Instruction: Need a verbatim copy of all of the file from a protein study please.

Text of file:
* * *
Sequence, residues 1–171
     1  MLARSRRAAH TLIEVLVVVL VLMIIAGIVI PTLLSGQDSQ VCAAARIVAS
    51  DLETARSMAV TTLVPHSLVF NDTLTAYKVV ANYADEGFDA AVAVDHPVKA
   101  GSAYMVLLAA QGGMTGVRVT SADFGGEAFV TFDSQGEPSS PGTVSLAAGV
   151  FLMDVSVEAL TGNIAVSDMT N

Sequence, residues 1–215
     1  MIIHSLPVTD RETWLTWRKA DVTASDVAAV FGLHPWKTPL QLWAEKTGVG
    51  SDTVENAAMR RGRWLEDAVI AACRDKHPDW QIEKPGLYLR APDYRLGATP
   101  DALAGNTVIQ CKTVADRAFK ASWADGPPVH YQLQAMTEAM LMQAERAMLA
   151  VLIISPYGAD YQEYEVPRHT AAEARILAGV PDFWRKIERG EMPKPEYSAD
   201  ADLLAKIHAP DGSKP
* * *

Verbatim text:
Sequence, residues 1–171
     1  MLARSRRAAH TLIEVLVVVL VLMIIAGIVI PTLLSGQDSQ VCAAARIVAS
    51  DLETARSMAV TTLVPHSLVF NDTLTAYKVV ANYADEGFDA AVAVDHPVKA
   101  GSAYMVLLAA QGGMTGVRVT SADFGGEAFV TFDSQGEPSS PGTVSLAAGV
   151  FLMDVSVEAL TGNIAVSDMT N

Sequence, residues 1–215
     1  MIIHSLPVTD RETWLTWRKA DVTASDVAAV FGLHPWKTPL QLWAEKTGVG
    51  SDTVENAAMR RGRWLEDAVI AACRDKHPDW QIEKPGLYLR APDYRLGATP
   101  DALAGNTVIQ CKTVADRAFK ASWADGPPVH YQLQAMTEAM LMQAERAMLA
   151  VLIISPYGAD YQEYEVPRHT AAEARILAGV PDFWRKIERG EMPKPEYSAD
   201  ADLLAKIHAP DGSKP